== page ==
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History of Program

A pioneering program

Our roots extend back to 1994, when Dalhousie Medical School commissioned a task force, led by Dr. David Zitner, to review the potential for medical informatics in the education of physicians. The resulting report, "Medical Informatics: The Key to Maintaining an Effective Medical School," led to the establishment of Medical Informatics in July 1996. 

Our collaborative work focused on a wide variety of areas, including:

  • assisting in the development of national and local health policies
  • conducting research on applications of electronic health information records
  • improving access to resources, processes and tools for use of information technology in health care
  • developing interactive personal health websites
  • developing national and local health informatics education

Since then, we’ve collaborated on a variety of important research projects, and offered some notable presentations on a number of topics, including the ethics of e-health [PPT - 70KB] and the effects of SSRIs on mental health patients [PPT - 72KB].

Our collaborative work with the Faculty of Computer Science expanded from research projects to include supervising students whose thesis work had a medical or health focus. View our past theses and projects to check out this work.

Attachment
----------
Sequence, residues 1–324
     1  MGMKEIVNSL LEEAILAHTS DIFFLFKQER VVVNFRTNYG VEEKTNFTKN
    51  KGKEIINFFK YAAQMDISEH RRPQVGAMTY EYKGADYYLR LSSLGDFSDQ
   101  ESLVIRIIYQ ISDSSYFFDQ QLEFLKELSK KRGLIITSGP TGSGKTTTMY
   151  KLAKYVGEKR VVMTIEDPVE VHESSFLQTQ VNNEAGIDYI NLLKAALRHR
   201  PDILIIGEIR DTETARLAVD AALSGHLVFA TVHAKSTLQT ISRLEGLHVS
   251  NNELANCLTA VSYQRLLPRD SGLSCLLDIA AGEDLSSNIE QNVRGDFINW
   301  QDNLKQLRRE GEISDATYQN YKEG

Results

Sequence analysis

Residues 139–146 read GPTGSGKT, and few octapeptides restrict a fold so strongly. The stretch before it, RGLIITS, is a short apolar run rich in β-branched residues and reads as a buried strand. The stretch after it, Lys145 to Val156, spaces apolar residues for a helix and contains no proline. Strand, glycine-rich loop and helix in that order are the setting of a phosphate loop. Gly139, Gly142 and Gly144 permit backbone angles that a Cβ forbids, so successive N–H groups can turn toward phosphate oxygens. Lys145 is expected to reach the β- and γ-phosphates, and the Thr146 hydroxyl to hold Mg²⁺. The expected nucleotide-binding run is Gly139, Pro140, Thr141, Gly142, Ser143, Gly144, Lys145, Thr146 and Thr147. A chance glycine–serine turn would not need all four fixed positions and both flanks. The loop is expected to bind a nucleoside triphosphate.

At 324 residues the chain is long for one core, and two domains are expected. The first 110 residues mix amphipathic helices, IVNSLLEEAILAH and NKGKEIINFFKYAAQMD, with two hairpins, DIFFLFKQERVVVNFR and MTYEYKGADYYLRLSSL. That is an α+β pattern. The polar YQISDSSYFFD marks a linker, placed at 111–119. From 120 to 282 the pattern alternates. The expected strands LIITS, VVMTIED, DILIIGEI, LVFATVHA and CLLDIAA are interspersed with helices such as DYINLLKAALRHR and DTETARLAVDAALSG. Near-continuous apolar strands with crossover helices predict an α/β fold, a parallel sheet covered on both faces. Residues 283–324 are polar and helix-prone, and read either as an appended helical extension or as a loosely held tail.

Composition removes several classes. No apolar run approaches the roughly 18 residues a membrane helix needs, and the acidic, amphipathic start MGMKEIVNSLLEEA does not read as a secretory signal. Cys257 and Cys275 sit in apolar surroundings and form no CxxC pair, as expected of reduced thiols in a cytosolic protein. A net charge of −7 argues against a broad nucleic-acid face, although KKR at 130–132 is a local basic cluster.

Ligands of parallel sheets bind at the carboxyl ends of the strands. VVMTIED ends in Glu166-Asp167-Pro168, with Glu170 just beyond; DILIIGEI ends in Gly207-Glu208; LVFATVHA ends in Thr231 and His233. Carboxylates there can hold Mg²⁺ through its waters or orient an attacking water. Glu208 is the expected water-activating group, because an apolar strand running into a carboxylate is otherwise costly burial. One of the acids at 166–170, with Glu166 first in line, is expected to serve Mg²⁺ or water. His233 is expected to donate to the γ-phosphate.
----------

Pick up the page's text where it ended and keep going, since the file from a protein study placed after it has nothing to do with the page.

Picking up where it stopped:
In 2002, we expanded our offerings to include a Master of Health Informatics program, a collaborative effort shared by the Faculties of Computer Science, Business Administration and Dalhousie Medical School. This program was the first graduate-level health informatics program in Canada.

The Master of Health Informatics program development team (Drs. David Zitner, Michael Shepherd, Sunny Marche and Ms. Naomi Mensink) created the new degree so that health care professionals could learn to use technology to improve the healthcare system—whether they’re pinpointing areas that need improvement or supporting informed clinical decisions supported by faster access to information and patient data.

Looking for more information? Read these reports: